Archaeology Is Anthropology
April 2012, Wiley-Blackwell
Archaeology and anthropology have come a long way in the past half-century, and the 1950s thinking concerning the relationship between the two is increasingly considered irrelevant. However, the placement of archaeology within the discipline of anthropology has always been uneasy—and was just as much a half-century and more ago as it is now. Is archaeology only now on the brink of "divorce" after decades of pleas for mutual respect and cooperation have finally proven inadequate (Watson 1995)? Is separation the only alternative left to sustain and further archaeology and to finally shake off a second-class status to sociocultural anthropology that archaeologists have long contested (Willey and Sabloff 1993:152)? In what sense can we profess that archaeology is still anthropology?
This volume evaluates the reasons proffered for separation against those in favor of maintaining the identity and practice of archaeologists as anthropologists. Arguments for the separation of archaeology from the discipline of which it has been a part for over a century take several different forms, weighing various intellectual factors: historical, methodological, and theoretical. Recent changes in the practice of archaeology and in the organization of professional societies must also be considered.
PART I: INTRODUCTION
Is Archaeology Anthropology?
Deborah L. Nichols, Rosemary A. Joyce, and Susan D. Gillespie
PART II: INTELLECTUAL FACTORS
Anthropology Must Have Archaeology
Bioarchaeology as Anthropology
George J. Armelagos
Archaeology as Anthropology of the Long Term
American Archaeology's Uncertain Future
Geoffrey A. Clark
Archaeological Inference and Ethnographic Analogies: Rethinking the "Lapita Cultural Complex"
John Edward Terrell
Historical Archaeology and Disciplinary Ethnogenesis
PART III: PRACTICAL FACTORS
Teaching Archaeology as Anthropology
Susan D. Gillespie
Working in Museums as an Archaeological Anthropologist
Rosemary A. Joyce
Archaeology and Anthropology in the Twenty-First Century: Strategies for Working Together
David G. Anderson
Anthropology Is Essential to Private Sector Archaeology
William H. Doelle
Anthropological Archaeology Conducted by Tribes: Traditional Cultural Properties and Cultural Affiliation
T. J. Ferguson
PART IV: COMMENTARY AND CONCLUSIONS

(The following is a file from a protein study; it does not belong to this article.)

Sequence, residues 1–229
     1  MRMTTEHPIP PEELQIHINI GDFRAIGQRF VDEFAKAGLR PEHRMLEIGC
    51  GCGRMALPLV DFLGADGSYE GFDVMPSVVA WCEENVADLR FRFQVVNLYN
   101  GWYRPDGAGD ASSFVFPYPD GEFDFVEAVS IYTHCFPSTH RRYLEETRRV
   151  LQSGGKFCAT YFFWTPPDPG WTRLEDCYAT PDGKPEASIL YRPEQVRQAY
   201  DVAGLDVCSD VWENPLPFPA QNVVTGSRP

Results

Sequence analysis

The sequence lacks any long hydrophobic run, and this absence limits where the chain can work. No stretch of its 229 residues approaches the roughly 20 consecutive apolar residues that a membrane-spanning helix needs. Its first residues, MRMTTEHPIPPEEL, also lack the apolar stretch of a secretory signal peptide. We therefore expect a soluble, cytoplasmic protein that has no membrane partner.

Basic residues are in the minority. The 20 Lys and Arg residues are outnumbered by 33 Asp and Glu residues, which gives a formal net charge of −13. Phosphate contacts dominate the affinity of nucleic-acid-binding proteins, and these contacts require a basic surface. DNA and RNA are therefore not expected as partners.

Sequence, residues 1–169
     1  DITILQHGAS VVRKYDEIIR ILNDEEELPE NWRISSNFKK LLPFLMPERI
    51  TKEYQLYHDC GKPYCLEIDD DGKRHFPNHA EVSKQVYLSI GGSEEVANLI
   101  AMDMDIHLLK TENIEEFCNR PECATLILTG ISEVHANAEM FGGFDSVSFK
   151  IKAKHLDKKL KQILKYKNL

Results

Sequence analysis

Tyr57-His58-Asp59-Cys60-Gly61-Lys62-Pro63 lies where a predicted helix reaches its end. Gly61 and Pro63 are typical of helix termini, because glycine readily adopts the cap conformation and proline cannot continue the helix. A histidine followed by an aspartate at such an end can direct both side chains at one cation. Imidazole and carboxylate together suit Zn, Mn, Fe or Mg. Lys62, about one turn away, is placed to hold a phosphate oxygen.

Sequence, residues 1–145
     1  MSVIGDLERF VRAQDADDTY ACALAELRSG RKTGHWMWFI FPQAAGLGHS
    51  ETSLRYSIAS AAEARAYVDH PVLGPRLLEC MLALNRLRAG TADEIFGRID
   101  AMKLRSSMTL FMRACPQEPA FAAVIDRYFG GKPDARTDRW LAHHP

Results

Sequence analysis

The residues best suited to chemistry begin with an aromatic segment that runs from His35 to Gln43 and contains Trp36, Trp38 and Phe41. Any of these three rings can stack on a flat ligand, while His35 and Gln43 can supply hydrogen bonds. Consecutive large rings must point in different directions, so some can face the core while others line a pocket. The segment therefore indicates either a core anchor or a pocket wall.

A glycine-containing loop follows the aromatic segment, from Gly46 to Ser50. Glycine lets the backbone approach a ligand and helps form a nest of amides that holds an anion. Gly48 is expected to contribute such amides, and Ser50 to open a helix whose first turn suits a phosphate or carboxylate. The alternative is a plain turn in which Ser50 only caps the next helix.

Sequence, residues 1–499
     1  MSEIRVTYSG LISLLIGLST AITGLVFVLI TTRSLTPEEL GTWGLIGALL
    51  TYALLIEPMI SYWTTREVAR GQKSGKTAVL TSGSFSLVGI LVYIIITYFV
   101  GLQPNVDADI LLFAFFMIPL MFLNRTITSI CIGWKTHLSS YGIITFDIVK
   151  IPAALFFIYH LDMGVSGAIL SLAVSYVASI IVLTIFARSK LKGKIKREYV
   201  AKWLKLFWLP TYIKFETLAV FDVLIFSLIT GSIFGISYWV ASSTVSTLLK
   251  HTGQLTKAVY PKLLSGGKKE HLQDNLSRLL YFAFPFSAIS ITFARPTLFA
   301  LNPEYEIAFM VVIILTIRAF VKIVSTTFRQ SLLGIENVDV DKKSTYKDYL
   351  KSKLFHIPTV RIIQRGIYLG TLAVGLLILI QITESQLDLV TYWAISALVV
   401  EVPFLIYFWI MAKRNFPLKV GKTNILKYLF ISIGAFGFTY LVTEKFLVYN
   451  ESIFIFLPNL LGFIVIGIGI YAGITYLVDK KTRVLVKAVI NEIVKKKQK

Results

Archaeology and Anthropology
Jane H. Hill
Let Archaeology Be
Richard G. Fox
Archaeology Is Anthropology
Susan D. Gillespie, Rosemary A. Joyce, and Deborah L. Nichols
List of Contributors
SUSAN D. GILLESPIE is an Associate Professor of Anthropology at the University of Florida. Her research combines archaeological, iconographic, and ethnohistorical approaches to the investigation of social organization and social identity. Her geographic focus is Mesoamerica, which her scholarship treats as a symbiotic area (a "field of ethnological study") whose co-evolving societies are best understood from regional and interregional long-term comparative perspectives. Her excavations, iconographic, and documentary analyses have focused on the Aztecs, Olmecs, and Maya. She is especially interested in understanding the formation and interactions of social groups and hierarchy from a sociocosmic perspective, and how conceptions of time, place, person, and event were represented in material ways. These include architectural forms and landscapes, ritual and mundane actions, the crafting of portable objects, the manipulation of symbolic forms and icons, and the construction and maintenance of narratives.DEBORAH L. NICHOLS is the William J. Bryant 1925 Professor of Anthropology at Dartmouth College. Her research has focused on the development of early cities and states in Central Mexico. One area of research has involved a reanalysis of artifacts and excavation data from the site of Cerro Portezuelo in the eastern Basin of Mexico that George Brainerd excavated in the mid-1950s to understand the Classic to Postclassic transition. Among the important findings of the project, she and co-investigators established that occupation of the site began in the Late/Terminal Formative/Preclassic, associated with Patlachique/Tezoyuca ceramics. Our findings indicate that, contrary to most models, Teotihuacan did not exert strong central control of the economy of the southeast Basin of Mexico during the Early Classic period. Cerro Portezuelo obtained obsidian from Michoacan, as well as the Pachuca source controlled by Teotihuacan, and imported Early Classic pottery from the western Basin of Mexico, as well as from the Teotihuacan Valley.